Indiana Humanities traces its roots to 1972, when the National Endowment for the Humanities (NEH) asked a group of five energetic Indiana citizens to form a statewide grant-making agency. The group was comprised of Dr. Marvin E. Hartig, Mrs. Edmund F. (Virginia) Ball, Dr. Robert E. Burns, Mr. Edward N. Howard, and Dr. Robert W. Richey. Their goal was to focus federal dollars on more local, grassroots initiatives.
We’ve come a long way since then. Today, we’re still a grant-making agency, but we are also a convener, leader and partner. We promote the public humanities and engage Indiana’s community of minds to create stronger, more vibrant communities. Using literature, history, art, music, philosophy and our shared cultural heritage, we strive to help Hoosiers better understand themselves and the world around them.
What does Indiana Humanities do?
In short, Indiana Humanities encourages Hoosiers to think, read and talk. How? By creating its own programs, such as Spirit of Competition, Community Conversations, and Novel Conversations; by providing grants for humanities programs throughout the state; and by providing a space—physically and digitally—for people to connect and converse.
Here’s a map of our impact across the state in 2013. (See the right-hand column on this page to read about what we did in your congressional district.)
Indiana Humanities programs and initiatives include:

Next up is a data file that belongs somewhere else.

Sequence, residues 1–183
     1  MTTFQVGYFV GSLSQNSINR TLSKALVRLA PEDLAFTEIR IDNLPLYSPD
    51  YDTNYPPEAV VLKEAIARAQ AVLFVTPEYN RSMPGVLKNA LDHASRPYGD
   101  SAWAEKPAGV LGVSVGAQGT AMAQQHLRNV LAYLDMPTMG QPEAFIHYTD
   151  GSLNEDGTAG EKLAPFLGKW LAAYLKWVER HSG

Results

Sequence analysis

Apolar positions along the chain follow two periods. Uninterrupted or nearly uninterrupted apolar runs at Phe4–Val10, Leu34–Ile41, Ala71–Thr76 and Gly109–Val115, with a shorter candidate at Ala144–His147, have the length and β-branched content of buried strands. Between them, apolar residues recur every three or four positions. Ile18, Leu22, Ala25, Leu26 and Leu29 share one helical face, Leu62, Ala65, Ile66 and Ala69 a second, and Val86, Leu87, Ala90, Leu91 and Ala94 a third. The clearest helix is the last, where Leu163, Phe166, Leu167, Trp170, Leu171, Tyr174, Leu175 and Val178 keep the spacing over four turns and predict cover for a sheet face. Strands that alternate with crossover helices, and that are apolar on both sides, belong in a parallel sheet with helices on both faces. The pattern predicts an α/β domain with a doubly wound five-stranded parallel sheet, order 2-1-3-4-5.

INconversation – A question-and-answer style discussion that engages a small, intimate group in interesting, engaging and insightful conversations with some of the nation’s most intriguing thought leaders.
Community Conversations – In a joint project with the Bowen Center for Public Affairs at Ball State University and other statewide partners, Indiana Humanities facilitates community conversations around the state on topics such as collaboration and regional development, quality of place and making government work.
Novel Conversations – A free lending library with sets of books available to book clubs, public libraries, and organizations.
Teacher Center – An online resource for educators, which includes professional development opportunities, curriculum guides and toolkits.
Grants – In the past five years, Indiana Humanities has awarded nearly $350,000 to nonprofit groups in more than 60 Indiana cities and towns. Grants fund lectures, workshops, historic preservation education activities, and more.
Past programs and initiatives have included:
Food for Thought – A signature two-year program (2010-2011) that engaged Hoosiers in discussions about food — ranging from the persona to the global. Participants talked about how food helps to define Indiana’s culture, and considered food in the context of history, law, politics, science, the arts, religion, ethnicity, etc. Components included a traveling exhibit, Chew on This events, a blog and many partnerships with organizations such as the Indiana State Fair, Spirit & Place Festival and Dig-IN: A Taste of Indiana.